IT lawyer Tom Hall has been a devoted fountain pen user for nearly 30 years. Here, he talks about how he got interested in them, and describes his favorite pens…
Why use a fountain pen?
It seems a reasonable question. Ballpoint pens are readily available, fairly reliable and inexpensive. Losing or breaking one is no cause for concern. But for the most part they are also dull to look at and many are difficult to use. A good fountain pen floats across the page. Many ballpoints need to be forced to their task. The necessary death grip does nothing for my carpal tunnel.
My first fountain pen was a chrome Shaeffer Targa, circa 1980. I used it to draft two senior theses in college. I liked it so much I bought a second. Nearly thirty years later they are still in service, although I sometimes have difficulty finding cartridges for them.
Next came law school and a black Lamy Safari, purchased for all of $12 at the University of Wisconsin book store. After slight modification, it became an excellent all purpose pen. The ergonomic grip is a fine idea, but I disliked the sharp edges. I rounded them off with a file. I also added a gold nib, for the princely sum of $20. It is not an impressive pen to look at, but it writes like a dream. Law school also provided one of my favorite curiosities a Pelikan student’s pen. It had a black body and a striking orange clip. A classmate absconded with it after an Evidence lecture. What could I do? She was gorgeous I was but a mere male. She tells me it is still giving loyal service.
After I began to practice, I treated myself to a sterling silver Pelikan. The barrel diameter and overall balance are just right for me, while a Pelikan nib is truly wondrous. In addition, Pelikans generally cost a little less than the better known brands.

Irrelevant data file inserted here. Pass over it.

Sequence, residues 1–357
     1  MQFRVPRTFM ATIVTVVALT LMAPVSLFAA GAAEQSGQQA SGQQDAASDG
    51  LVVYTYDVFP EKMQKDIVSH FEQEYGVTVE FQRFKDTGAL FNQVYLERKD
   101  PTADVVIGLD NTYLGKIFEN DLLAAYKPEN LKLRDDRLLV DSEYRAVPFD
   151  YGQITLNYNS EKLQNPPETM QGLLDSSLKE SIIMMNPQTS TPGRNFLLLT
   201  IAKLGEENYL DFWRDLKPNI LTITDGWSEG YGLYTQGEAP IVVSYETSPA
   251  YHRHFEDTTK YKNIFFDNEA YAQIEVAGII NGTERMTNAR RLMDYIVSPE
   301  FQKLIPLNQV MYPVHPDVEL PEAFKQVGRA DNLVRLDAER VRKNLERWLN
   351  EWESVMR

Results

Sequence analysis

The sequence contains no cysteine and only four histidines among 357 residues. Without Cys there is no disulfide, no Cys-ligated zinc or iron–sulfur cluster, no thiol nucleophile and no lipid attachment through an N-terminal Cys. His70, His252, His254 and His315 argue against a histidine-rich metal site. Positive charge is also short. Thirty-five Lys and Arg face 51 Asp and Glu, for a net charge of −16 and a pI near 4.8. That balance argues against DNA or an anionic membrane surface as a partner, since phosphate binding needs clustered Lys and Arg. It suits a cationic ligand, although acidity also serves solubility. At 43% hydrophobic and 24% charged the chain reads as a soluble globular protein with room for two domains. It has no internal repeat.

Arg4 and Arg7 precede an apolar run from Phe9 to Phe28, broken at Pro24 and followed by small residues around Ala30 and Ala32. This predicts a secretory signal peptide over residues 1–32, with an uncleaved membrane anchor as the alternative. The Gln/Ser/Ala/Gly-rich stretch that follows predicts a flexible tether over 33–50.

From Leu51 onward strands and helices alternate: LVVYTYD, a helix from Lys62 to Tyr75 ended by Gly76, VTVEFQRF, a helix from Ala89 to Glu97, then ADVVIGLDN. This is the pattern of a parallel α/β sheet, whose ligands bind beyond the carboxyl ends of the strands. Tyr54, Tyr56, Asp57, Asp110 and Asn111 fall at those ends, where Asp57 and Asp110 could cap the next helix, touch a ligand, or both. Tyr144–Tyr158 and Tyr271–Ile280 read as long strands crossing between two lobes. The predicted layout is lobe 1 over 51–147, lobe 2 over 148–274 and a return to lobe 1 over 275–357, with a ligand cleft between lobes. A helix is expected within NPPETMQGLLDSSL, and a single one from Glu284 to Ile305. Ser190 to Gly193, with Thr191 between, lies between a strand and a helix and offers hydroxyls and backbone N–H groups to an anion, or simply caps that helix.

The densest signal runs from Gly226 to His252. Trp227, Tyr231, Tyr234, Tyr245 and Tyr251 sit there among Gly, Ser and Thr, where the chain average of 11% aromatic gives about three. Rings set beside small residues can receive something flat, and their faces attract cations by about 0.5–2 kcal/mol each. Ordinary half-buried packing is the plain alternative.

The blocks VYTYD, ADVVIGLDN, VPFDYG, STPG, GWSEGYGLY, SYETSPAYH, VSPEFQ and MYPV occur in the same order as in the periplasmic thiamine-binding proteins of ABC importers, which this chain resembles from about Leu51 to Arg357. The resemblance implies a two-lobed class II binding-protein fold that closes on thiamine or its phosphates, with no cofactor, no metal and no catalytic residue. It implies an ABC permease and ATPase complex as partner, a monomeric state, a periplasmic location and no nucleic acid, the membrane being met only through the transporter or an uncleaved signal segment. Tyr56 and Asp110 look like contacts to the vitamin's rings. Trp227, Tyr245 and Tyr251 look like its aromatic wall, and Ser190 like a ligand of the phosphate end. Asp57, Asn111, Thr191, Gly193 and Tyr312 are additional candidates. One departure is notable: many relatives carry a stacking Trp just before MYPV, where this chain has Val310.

Then there is Big Red, my Parker Duofold Centennial, a recreation of the 1920s classic. It was a gift from my wife and is almost too beautiful to use. It is fitted with a medium italic nib, which adds a touch of character to even my scrawl. (I believe it came with an ordinary medium nib, but, at that time, Parker offered new owners their choice of nibs, installed at no cost.)
The downside of fountain pens? They require occasional cleaning and filling them can result in ink-stained fingers. At the moment, though, my greatest hardship is finding ink. The days when every stationary store had at least a bottle of Skrip in the corner have evidently passed.
The next pen? I’m fascinated by the Waterman Edson, but balk at the price. Besides, I’m an aspiring writer. I’m looking for one that contains the Great American Novel.